All author's publications are listed below.
This article provides a framework for analysing changes and continuities in science communication. The field is challenged by three contexts: (1) ‘post-normal situations’ of coping with uncertainties, value questions, an urgency to take action, and associated political pressures; (2) a dramatically changing media environment, and (3) a polarizing discourse culture. We refine the concept of post-normal science to make it more applicable to analyse public science communication in an era of digital media networks. Focussing on changes in the interactions between scientists and journalists, we identify two ideal types: normal and post-normal science communication, and conclude that the boundaries of science and journalism are blurring and under renegotiation. Scientists and journalists develop new shared role models, norms, and practices. Both groups are increasingly acting as advocates for common goods that emphasize the emerging norms of post-normal science communication: transparency, interpretation, advocacy and participation.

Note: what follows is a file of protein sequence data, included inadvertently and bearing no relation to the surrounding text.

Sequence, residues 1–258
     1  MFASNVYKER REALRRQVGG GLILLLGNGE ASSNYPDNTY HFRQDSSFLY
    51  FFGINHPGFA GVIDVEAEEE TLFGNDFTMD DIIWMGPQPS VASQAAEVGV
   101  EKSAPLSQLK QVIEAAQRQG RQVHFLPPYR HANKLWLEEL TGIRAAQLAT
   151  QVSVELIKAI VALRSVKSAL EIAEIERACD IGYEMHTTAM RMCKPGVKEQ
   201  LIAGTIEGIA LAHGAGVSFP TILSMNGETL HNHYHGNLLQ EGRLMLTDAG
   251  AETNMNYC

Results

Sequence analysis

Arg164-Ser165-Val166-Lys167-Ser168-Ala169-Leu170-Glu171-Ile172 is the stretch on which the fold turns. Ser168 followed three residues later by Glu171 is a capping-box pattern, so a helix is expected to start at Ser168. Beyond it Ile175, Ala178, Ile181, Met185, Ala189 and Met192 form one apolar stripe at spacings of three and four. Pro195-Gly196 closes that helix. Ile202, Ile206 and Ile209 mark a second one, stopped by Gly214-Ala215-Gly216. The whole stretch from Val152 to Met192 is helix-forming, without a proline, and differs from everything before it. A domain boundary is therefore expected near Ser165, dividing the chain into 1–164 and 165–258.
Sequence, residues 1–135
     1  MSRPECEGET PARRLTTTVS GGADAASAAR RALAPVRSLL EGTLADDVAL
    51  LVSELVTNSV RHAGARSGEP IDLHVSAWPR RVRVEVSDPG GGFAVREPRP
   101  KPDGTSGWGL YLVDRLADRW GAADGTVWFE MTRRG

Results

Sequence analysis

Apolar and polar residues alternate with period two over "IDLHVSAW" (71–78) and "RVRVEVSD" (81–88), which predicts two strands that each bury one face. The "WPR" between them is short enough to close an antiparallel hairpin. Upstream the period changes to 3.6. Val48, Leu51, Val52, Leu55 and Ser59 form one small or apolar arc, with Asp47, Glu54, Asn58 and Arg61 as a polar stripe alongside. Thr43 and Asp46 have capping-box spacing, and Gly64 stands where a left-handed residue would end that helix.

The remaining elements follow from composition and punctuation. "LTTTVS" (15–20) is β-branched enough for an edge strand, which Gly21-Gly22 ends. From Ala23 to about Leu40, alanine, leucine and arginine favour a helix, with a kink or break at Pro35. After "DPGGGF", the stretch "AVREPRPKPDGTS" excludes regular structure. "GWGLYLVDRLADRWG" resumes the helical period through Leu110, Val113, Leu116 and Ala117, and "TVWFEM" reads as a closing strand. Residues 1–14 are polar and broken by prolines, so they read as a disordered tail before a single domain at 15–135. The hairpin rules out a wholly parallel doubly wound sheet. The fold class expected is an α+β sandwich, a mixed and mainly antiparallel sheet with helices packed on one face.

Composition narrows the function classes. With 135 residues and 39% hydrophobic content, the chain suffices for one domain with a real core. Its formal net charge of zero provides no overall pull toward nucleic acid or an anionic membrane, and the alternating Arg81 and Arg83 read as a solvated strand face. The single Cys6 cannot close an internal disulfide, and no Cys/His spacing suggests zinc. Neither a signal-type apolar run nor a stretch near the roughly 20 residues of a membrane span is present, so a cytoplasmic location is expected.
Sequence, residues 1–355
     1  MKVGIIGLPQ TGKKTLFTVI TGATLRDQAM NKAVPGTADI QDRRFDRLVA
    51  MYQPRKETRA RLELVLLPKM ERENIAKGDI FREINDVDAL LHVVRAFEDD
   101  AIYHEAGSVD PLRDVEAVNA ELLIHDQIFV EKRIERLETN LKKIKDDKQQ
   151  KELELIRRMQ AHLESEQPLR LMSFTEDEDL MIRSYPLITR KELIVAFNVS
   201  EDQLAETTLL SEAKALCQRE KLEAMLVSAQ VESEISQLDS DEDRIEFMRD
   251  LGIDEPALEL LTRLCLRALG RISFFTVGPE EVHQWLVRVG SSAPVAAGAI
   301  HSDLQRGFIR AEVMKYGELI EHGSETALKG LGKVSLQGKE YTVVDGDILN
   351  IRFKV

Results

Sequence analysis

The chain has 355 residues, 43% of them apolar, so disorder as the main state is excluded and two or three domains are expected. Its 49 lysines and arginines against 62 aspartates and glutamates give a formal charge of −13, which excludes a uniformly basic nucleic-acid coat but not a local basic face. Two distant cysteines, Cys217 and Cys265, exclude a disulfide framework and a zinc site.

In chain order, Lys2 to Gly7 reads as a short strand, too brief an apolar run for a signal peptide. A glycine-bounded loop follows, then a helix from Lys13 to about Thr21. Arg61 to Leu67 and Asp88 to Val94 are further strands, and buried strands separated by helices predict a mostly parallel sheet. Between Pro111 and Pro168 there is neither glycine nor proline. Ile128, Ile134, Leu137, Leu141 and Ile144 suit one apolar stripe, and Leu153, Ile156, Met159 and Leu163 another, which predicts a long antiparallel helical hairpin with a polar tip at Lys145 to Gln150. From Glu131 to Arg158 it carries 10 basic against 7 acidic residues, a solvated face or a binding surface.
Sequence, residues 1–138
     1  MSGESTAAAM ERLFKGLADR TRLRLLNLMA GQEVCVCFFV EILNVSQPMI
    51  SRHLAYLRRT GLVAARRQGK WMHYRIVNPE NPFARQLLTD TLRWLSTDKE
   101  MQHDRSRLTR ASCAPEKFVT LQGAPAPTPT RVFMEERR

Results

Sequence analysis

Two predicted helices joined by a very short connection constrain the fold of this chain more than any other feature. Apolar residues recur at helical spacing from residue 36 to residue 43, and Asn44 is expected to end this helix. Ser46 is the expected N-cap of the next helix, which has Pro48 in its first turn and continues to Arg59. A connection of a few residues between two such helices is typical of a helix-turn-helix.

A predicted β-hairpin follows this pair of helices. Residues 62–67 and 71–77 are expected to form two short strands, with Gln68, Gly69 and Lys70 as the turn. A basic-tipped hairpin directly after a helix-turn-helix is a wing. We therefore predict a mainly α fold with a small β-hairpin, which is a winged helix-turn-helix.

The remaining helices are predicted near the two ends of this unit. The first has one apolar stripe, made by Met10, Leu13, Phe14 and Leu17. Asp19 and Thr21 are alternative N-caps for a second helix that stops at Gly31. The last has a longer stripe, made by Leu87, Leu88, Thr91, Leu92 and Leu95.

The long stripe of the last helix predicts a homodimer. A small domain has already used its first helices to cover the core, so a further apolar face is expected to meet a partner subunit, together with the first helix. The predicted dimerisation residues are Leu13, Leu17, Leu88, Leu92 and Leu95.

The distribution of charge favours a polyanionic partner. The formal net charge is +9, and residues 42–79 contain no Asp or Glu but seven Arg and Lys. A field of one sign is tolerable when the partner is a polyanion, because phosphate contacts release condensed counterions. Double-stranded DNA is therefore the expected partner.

How users discuss climate change online is one of the crucial questions (science) communication scholars address nowadays. This study contributes by approaching the issue through the theoretical concept of online public arenas. The diversity of topics and perceptions in the climate change discourse is explored by comparing different arenas. German journalistic articles and their reader comments as well as scientific expert blogs are analyzed by quantitative manual and automated content analysis (n=5,301). Findings demonstrate a larger diversity of topics and interpretations in arenas with low barriers to communication. Overall, climate change skepticism is rare, but mostly present in lay publics.